Women in Politics and Decision Making
Women in politics
In the recently held 2017 national elections, Albania has reached a new milestone, as the number of women representative elective rose to 40, making 28.5% of Albanian parliamentarians women. However, women continue to be underrepresented in the country’s decision-making processes, which has lead to gendered institutions, and the issue remains a national priority among gender equality advocates.
Main barriers to women being equally represented in politics are:
- Women are more likely than men to perceive the electoral environment as highly competitive and gender-biased, and thus lack the confidence to put themselves up for elections.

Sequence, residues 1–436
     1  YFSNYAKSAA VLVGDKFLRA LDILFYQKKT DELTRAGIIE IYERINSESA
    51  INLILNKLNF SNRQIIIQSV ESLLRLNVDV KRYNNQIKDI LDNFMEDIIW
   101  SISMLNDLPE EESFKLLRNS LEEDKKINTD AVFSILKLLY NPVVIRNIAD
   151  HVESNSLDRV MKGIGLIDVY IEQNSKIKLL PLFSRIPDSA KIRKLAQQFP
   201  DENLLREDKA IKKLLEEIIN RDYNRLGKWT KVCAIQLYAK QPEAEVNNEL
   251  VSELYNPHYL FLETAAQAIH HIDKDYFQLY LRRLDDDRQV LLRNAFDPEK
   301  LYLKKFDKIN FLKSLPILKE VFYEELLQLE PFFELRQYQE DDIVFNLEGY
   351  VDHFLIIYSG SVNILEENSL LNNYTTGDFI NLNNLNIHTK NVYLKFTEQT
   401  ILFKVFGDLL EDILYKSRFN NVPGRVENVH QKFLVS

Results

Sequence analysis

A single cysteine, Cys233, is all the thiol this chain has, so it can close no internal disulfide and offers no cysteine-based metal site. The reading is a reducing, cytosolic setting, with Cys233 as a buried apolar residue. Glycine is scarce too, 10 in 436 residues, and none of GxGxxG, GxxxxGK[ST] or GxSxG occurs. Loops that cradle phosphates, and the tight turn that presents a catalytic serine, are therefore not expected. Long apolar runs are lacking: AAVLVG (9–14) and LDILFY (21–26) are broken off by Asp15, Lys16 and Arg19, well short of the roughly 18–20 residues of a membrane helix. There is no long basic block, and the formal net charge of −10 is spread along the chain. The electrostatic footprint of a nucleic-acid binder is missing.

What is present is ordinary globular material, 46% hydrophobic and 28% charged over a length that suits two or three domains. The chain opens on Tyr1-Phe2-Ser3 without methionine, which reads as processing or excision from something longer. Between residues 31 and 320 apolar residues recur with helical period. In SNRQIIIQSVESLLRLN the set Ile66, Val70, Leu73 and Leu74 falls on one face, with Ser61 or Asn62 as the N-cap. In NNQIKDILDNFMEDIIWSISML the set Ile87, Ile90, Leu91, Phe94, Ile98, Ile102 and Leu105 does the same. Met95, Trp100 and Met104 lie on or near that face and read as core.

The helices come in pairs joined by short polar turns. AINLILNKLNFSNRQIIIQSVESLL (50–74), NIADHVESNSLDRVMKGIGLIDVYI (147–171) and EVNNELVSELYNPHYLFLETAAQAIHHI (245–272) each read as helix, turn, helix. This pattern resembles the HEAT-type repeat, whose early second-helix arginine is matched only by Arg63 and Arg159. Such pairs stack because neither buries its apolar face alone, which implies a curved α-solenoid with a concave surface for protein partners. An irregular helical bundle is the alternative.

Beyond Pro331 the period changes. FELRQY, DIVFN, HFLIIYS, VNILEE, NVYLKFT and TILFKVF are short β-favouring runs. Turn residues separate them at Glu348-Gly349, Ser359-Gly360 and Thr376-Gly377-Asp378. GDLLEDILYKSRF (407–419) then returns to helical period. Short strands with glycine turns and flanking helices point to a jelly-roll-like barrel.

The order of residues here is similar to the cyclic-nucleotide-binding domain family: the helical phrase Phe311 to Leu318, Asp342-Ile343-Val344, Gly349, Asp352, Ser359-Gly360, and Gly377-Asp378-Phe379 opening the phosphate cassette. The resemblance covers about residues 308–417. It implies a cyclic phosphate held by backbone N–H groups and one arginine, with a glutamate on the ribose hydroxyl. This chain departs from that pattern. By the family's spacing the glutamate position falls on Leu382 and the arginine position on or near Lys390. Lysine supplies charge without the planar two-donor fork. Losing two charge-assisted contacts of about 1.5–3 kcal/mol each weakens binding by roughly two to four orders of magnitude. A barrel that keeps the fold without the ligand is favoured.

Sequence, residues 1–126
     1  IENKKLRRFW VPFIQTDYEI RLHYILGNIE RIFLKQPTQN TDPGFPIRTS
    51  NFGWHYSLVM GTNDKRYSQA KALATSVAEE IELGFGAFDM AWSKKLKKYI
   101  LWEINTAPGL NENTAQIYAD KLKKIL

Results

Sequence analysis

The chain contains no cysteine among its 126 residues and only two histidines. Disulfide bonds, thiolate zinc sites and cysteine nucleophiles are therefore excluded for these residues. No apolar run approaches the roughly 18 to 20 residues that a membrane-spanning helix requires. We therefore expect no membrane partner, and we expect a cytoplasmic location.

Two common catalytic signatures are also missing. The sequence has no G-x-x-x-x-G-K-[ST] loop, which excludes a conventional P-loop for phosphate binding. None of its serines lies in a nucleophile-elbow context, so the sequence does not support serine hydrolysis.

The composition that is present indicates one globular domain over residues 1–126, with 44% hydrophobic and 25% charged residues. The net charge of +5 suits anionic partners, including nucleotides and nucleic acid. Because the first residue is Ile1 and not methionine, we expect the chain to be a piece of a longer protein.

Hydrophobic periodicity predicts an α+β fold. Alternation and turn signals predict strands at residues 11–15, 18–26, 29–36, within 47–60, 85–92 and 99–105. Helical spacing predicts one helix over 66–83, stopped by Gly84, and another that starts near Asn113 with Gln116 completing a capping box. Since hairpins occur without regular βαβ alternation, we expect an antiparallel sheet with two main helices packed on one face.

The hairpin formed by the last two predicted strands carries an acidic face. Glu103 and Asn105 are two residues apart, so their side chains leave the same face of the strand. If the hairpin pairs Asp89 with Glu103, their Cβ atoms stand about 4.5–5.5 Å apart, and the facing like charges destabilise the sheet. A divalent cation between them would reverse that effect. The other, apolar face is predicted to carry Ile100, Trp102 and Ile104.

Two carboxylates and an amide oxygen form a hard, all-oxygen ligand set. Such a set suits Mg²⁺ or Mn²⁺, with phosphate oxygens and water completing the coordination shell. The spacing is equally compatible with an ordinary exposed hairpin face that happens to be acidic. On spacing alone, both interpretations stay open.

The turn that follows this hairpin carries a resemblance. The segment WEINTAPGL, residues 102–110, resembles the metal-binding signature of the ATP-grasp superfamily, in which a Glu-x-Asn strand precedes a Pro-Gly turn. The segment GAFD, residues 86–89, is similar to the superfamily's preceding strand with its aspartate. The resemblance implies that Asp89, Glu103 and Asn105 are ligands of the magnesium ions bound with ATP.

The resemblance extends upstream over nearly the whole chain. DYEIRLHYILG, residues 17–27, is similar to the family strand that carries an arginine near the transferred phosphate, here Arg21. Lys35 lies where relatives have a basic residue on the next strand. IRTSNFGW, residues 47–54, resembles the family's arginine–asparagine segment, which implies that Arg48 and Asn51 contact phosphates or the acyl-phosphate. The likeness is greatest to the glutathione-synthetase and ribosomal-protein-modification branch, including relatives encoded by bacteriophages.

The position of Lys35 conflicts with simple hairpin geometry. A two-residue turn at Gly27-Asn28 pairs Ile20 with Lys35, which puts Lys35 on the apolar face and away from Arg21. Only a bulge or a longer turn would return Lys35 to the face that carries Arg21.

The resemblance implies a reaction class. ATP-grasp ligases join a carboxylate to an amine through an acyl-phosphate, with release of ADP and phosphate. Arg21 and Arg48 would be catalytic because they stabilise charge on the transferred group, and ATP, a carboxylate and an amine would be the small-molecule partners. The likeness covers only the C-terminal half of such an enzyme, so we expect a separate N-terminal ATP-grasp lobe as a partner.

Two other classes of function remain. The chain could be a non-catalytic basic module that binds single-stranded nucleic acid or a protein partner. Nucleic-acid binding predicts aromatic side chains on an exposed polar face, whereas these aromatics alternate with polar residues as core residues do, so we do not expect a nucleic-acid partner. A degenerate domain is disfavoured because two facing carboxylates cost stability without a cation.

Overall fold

- Women are less likely to get suggested to run for electoral campaigns.
- Once women become part of the electoral process, it is more difficult for them to get a feasible spot on the election list.
- Women bear the burden of most of childcare and household tasks
Through the years, GADC has been very sensitive to the issue of women’s role in decision-making and politics and has continuously been involved in initiatives and projects related to this concern. GADC has exercised strategies as a way of improving and continuing community-level dialogue about women as a political constituency, monitoring the application of local level quotas and sanctions as contained in the Electoral Code and working with communities, including youth.